I played around with the lifts there. I pressed 12 as indicated, and the indication was lift E. But I could only see lifts A, B, C and D. I went round to the other side of the cavernous lift block, and there were four more lifts. I took lift E as instructed, but it wasn’t evident which floors it stopped at – they all looked the same! I got out at the wrong level, and had to wait for lift F to take me to level 12. Once there, I walked to the Snapper centre, rang the bell, and sat down and waited. A very helpful young woman eventually came to my assistance. I found that in spite of paying $20 for my snapper card, the value on it now stood at $9.75. Where did that 25c go? Eventually I won, I think, and am now the proud owner of a snapper card, should I need to use it.
The composition of travelers is interesting. Before the changeover, the buses were well patronized by elderly folk, who stayed away in droves while the new system bedded in. However the number 1 buses often seem empty, except just occasionally when they’re not! There is a very full bus from the CBD to Johnsonville just before 3 pm, when seats are hard to find. Usually the drivers are very patient and polite, waiting till you’ve sat down before taking off, although they tend to swing around corners. One time I caught a number 19A from Johnsonville, which was very full. I suspect it had come from town.
Many buses are differently configured. Apparently the authorities removed seats so there would be more room for standing passengers! But there is nothing much to hold on to, especially in the front half of the bus, sometimes even no handholds in a rail attached to the ceiling, and few poles. Some of the luggage spaces have been removed. Many of the seats reserved for elderly or disabled or pregnant customers or mothers with pushchairs are folding ones. Huh? It’s an achievement to catch the right bus, up often steep steps; having achieved that, one doesn’t expect to have to wrestle with the seat! And many of us prefer to be seated looking forward, not backwards or sideways.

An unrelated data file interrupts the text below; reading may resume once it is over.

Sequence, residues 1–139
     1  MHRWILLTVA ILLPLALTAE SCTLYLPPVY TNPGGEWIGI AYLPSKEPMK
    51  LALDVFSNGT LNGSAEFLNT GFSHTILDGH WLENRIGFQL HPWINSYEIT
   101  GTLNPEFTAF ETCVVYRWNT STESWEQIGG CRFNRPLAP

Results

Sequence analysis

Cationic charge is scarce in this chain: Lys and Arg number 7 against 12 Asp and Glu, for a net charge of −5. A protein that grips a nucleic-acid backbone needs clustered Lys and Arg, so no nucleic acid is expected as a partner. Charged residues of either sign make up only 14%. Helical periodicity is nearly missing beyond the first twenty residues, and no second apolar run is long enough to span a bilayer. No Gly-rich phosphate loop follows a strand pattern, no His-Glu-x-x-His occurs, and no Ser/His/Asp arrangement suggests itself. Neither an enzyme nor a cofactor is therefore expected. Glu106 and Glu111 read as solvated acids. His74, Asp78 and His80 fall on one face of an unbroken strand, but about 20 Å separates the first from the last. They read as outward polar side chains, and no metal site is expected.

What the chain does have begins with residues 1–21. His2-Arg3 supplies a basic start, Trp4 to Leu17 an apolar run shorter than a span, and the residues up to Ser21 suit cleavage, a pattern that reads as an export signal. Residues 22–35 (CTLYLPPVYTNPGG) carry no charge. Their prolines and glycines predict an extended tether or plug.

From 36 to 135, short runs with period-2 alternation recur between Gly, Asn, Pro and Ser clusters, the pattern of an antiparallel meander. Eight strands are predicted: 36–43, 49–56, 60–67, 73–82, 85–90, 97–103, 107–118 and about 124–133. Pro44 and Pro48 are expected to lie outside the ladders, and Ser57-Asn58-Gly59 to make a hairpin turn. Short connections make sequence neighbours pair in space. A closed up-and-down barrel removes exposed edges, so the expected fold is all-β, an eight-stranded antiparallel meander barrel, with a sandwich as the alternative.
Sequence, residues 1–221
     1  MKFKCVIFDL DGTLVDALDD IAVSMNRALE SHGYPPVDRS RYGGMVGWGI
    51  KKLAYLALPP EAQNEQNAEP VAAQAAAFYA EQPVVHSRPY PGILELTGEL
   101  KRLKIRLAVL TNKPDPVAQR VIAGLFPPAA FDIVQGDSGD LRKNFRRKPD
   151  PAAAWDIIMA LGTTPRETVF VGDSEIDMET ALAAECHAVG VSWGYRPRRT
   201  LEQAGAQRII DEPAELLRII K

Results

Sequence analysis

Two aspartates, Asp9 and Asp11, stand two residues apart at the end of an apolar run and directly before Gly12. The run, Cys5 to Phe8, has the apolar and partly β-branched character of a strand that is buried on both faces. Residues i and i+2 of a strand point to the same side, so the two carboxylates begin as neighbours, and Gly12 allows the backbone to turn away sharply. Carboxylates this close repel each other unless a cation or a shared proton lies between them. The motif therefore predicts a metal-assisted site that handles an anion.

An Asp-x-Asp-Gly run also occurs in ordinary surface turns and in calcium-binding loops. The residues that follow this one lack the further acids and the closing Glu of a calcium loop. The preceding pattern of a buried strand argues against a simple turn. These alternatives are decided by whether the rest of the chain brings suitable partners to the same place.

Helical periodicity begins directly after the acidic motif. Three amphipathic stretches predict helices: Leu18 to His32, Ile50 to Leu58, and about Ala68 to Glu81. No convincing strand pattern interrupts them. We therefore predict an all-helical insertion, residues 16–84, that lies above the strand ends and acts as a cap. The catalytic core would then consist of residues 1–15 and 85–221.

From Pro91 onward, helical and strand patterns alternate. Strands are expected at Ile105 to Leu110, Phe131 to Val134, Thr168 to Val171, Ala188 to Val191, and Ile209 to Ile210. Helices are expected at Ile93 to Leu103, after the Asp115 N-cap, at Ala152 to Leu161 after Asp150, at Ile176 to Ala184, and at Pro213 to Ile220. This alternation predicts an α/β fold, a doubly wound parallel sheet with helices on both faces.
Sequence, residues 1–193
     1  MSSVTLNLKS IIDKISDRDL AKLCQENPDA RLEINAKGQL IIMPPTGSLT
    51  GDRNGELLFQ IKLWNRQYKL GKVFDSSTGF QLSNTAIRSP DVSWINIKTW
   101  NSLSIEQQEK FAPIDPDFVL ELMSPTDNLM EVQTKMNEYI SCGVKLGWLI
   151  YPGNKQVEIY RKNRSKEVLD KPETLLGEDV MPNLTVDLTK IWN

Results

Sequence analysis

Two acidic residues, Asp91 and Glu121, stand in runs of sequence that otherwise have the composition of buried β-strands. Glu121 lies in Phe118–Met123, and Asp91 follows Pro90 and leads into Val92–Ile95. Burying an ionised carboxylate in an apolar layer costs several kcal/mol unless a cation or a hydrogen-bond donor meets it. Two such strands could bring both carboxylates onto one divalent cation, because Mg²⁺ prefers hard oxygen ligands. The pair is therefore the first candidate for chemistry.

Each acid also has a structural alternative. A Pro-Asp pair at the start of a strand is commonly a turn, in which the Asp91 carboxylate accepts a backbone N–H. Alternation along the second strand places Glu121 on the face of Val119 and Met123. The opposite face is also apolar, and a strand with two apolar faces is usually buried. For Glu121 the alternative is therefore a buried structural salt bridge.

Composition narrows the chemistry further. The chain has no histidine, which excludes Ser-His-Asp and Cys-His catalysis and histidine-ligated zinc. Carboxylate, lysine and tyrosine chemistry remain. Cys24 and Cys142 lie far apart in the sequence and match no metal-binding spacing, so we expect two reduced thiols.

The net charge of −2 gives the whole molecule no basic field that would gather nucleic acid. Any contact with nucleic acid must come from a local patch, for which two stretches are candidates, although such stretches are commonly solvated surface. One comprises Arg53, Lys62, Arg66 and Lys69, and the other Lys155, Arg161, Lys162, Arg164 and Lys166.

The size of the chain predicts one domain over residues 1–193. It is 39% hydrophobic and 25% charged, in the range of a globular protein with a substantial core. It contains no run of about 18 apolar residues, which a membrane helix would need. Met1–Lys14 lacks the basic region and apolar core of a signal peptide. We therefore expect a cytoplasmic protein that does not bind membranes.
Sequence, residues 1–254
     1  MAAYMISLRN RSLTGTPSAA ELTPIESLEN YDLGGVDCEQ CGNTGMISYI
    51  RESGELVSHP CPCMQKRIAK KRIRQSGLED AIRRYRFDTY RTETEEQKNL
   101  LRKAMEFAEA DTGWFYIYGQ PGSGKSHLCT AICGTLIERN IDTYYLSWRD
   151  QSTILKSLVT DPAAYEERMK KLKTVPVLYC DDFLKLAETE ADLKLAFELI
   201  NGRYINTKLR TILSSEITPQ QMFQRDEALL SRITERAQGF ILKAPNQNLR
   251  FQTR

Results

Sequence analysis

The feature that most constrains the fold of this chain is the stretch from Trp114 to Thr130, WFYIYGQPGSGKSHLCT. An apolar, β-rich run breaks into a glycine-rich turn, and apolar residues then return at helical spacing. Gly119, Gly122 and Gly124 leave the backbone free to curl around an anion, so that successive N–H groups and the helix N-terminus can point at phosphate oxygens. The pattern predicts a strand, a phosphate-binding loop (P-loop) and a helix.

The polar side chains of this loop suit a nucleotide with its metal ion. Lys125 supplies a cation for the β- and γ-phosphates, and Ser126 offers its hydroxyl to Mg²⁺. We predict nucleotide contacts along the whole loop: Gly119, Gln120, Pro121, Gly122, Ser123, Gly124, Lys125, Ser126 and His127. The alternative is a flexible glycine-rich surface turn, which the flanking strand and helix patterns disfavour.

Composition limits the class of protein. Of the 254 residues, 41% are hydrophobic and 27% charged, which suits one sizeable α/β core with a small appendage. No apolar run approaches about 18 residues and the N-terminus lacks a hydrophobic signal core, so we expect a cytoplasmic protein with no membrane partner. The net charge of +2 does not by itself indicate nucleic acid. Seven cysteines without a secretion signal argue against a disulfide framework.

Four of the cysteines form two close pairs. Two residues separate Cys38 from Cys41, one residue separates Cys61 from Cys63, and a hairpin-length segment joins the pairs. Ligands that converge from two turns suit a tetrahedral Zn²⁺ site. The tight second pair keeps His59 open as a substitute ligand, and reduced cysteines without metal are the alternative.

On the double-decker buses, one tends to sit behind the stairwell, facing forward, but this has the disadvantage of being a cold spot. One wonders why they have air conditioning on in winter? I aim to sit near the back door, if there’s time, and room, so that I can get out easily, but there tend to be few seats available. One doesn’t want to climb stairs, either to sit upstairs, or to the back or immediate front of the bus. Ultimately, one doesn’t want to fall over!
One of my gripes is the changes to the Porirua buses. One used to be able to catch a bus – 230 or 231 – from either of the stops outside Pataka into Johnsonville or Wellington via Johnsonville. Now you have to go to the Porirua Station – another cold, windy spot. Of course, one can walk between Pataka (with a library, a nice cafe, clean restroom, gift shop and galleries), North City Shopping Centre (with Farmers, several good cafes, and clean restrooms), and Porirua Station, but if the weather’s ghastly you’d prefer not to.